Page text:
Does for low-life Manchester what Trainspotting did for Leith.
It's Manchester, at the close of the millennium, and Henry Bane is now manager of an exclusive nightclub. He has a beautiful mistress, a teenage son, and is making moves in a violent underworld to which he is increasingly numbed.
When a young girl is found tortured and unwilling to go to the police, Bane offers to help, and finds horror in a feral community with a respectable veneer. But, by meddling, he ends up endangering those he wants to protect. Not only that, he also manages to incur the wrath of an ailing ganglord, and soon finds himself tangled in a penthouse robbery and an underground boxing match.
From the casual sexism of Bane's clubland, to the savage misogyny of a killer targeting the young and dispossessed, Trouble Man takes Bane through a hell, perhaps of his own making, where he is pushed to his limit -- and the trouble only gets closer to home.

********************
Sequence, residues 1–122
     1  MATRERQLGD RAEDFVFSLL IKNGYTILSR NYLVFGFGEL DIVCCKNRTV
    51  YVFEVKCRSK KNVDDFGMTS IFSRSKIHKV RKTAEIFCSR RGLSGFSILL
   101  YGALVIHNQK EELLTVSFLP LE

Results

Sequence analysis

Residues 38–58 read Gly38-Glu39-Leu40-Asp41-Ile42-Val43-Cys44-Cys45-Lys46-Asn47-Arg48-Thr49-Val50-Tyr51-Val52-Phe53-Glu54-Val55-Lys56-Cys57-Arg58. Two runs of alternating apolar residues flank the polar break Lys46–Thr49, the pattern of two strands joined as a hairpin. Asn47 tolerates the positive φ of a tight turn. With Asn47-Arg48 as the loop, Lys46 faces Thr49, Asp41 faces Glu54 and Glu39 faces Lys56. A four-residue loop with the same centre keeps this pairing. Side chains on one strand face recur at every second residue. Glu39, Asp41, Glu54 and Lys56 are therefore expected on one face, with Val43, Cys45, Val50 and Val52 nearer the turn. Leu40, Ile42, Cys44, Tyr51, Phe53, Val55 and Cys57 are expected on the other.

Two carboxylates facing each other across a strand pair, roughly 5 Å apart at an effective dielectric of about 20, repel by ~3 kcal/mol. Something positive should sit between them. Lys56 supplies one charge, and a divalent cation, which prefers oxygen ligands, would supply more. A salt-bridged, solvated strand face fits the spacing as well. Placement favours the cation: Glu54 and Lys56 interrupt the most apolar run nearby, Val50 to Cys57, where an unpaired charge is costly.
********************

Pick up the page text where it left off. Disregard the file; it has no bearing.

Tom Benn 'does for low-life Manchester what Trainspotting did for Leith' (Maggie Fergusson, Intelligent Life) and has created a teeming underworld of extraordinary criminals, victims and possible heroes -- all with their own brilliantly rendered vernacular -- and a noir backdrop of rain, city streets, sharp diagonals of light and very long shadows.